03/08/2012 10:57 am ET Updated Dec 06, 2017

Great News Out of Africa

Have you ever heard a song which changed your life? This is the story of a group of children who sang a song which transformed theirs forever.

Let me back up a little bit.

When I was 14 years-old I was accepted for a summer service trip to South Africa with my camp, Seafarer. I had never worked so hard on an application before nor been so honored to receive an acceptance letter (clearly college was not yet on my mind). We were scheduled to meet with the U.S. Ambassador to South Africa, volunteer in Soweto, and even meet with Nelson Mandela.

A couple months before leaving on this trip-of-a-lifetime, violence hit South Africa. Our trip was quickly canceled. My heart never recovered and it became my life mission to visit Africa and to bring peace there.

That day finally arrived in September 2007, just after my 22nd birthday. While I took my first steps on the continent in South Africa, just a few hours separated me from my new African home: Madagascar. The Peace Corps placed me there as a health communications volunteer and I was thrilled to give my life to this poor, remote, and beautiful place.

Instead, I received. As is the case for many Peace Corps (and other long term) volunteers, and is even becoming a bit cliche: I went to help, save and change Africa and instead found myself on the receiving end as the joy and hope of Africa transformed me.


A new goal began bubbling up in my heart and mind. I was going to find and share with the world all the "good news" across this massive continent (and its islands).

Now let me back up 27 years, to before I was born.

TVs across America were being blasted with images of Africa for the first time. Civil wars were ripping apart newly independent nations and the Western world cared. We cared because celebrities like Bob Geldoff were showing us little African children with distended tummy's and flies eating off of the near death bodies of young babies.

Ray Barnett went to Africa for another reason. He went to support the persecuted church of Uganda when he found himself in the middle of that country's bloody civil war. Like the rest of us, Ray saw these familiar images from his Canadian television but he also saw -- and heard -- much more.

Amidst the gunfire, the burning mud and thatch huts, and mothers wailing mournfully of their murdered children, Ray heard the voice of a little boy singing. That little boy's song has changed the lives of over 100,000 people. One little voice of hope.


This one little voice inspired Ray to do the impossible. Uganda was in full blown civil war and Ray miraculously convinced the Prime Minister to let him bring 25 Ugandan children to North America -- not merely to escape the bloodshed and civil unrest, but to sing -- to share their hope with the world.

These children who had never experienced running water, electricity, flushing toilets, or even life without war, came to the United States and Canada with one singular mission in mind -- to show the West that Africa was full of hope, beauty, dignity and could progress with education and opportunity.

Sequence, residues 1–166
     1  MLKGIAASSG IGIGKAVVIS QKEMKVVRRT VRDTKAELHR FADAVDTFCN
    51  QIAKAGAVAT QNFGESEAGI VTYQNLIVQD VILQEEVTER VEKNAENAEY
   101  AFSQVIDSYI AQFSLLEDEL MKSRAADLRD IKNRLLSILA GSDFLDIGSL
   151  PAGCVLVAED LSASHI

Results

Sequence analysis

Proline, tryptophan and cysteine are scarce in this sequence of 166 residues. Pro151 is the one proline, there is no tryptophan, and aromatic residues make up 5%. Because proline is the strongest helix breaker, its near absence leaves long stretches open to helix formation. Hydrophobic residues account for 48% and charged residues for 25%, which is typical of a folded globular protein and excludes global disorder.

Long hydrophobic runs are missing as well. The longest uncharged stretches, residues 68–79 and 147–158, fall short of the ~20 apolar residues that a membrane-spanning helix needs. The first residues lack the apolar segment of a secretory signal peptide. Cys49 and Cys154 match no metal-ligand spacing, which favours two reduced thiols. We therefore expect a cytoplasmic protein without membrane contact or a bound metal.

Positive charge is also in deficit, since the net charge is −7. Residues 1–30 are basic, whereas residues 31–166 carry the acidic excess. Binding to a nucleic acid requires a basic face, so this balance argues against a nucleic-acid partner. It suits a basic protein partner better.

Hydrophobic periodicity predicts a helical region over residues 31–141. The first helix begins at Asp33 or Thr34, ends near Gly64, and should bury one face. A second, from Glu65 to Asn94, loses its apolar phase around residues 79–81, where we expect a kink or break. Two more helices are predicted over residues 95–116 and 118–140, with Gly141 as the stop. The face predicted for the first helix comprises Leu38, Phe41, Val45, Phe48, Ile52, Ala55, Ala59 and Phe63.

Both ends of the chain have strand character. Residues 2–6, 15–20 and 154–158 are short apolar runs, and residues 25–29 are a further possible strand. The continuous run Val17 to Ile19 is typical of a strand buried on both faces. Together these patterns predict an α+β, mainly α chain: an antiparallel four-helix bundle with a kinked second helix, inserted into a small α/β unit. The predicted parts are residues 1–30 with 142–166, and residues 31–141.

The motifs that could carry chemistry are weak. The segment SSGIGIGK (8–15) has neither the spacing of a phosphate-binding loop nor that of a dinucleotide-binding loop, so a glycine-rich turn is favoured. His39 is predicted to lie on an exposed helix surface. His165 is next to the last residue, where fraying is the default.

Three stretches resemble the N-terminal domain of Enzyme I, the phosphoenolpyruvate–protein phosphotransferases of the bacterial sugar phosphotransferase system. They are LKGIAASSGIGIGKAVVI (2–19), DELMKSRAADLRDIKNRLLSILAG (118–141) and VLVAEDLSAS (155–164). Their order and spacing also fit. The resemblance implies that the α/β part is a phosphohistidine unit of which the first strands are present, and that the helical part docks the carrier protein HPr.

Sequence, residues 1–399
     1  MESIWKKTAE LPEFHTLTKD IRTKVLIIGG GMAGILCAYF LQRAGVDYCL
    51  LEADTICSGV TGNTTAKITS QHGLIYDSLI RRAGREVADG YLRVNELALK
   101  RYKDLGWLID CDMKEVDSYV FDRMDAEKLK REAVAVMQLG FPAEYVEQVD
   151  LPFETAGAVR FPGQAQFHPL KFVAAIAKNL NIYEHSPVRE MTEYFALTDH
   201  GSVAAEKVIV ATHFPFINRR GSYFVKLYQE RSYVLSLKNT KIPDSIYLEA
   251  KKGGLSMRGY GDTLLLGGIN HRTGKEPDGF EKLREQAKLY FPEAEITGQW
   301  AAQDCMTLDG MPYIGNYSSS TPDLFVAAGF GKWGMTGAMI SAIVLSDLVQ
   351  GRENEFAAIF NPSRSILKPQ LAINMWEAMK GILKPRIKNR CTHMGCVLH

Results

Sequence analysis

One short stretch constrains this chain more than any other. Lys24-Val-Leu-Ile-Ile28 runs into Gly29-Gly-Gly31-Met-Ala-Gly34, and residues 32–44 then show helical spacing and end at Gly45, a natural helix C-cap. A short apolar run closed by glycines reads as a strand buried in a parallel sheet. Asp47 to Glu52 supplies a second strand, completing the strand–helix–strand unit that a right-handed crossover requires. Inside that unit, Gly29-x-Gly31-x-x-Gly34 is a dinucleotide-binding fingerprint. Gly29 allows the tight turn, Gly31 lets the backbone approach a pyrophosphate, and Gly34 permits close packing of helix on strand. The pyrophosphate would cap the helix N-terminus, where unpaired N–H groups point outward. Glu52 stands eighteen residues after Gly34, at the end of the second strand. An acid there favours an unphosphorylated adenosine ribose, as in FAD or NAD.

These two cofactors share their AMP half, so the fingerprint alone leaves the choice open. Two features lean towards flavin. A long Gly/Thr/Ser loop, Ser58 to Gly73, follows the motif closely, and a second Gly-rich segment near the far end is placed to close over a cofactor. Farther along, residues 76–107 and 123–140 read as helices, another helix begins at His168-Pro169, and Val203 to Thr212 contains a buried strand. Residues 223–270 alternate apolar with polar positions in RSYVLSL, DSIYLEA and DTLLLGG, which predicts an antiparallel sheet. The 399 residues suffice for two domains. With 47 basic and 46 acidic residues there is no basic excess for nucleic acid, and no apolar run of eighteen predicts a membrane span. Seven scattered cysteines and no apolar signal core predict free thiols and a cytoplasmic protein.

In 1984, the first African Children's Choir raised enough money to pay for all 25 children to be educated through university and to open three orphan schools across the Ugandan villages most devastated by the war.

Ray's idea worked in bigger ways than he could have ever imagined.

The following year, Ray assembled a small team to train, educate and tour a second African Children's Choir. Today, more than 52,000 children have been educated as a result of the Choir and its social justice organization on the ground in seven African nations, Music for Life.

Now that this story is back in the present, I hope it is obvious that I achieved my goal. Not only did I find good news in Africa but I found the most amazing story I have ever experienced in my life.

There is no other organization which has been able to take children from the worst circumstances imaginable and show them the world in a way that inspires and educates, that enables them to be the change the wish to see in it.

During the summer of 2009, I left my dream job at CNN to create short films for my friend's grassroots non-profit in South Africa, Zimbabwe and Uganda. I ended up literally running into an amazing missionary family on a trampoline in Kampala, Uganda and learning the full story of the Choir. Since then, I have spent weeks traveling the world with the choir and filming every moment. Thanks to one CNN executive who believed in me and in the power of music to overcome adversities in Africa, I was able to turn that content into a 30-minute documentary, which aired on CNN International in January 2010.


For the last two and a half years, I have been working to share this compelling, life-changing and entertaining story with the world -- beyond the scope of CNN. As a creative activist for the Creative Visions Foundation and a huge fan and admirer of Dan Eldon, I am honored to finally have a chance to share this story with you.

I am leaving for an official scouting trip later this month with my role model turned co-worker. The producer and director of one of my favorite documentary films, A Powerful Noise, have come on my team to produce a film on the African Children's Choir. I am so excited and cannot wait to share this journey of good news -- and all the other good news we find along the way -- with you. Thank you for coming along for the ride and listening to the voices of hope!

"Education is the most powerful weapon which you can use to change the world." -- Nelson Mandela

Erin Levin is sponsored by Creative Visions Foundation, a publicly supported 501 (c)(3), which supports Creative activists who use the power of media and the arts to affect positive change in the world. All donations are tax deductible.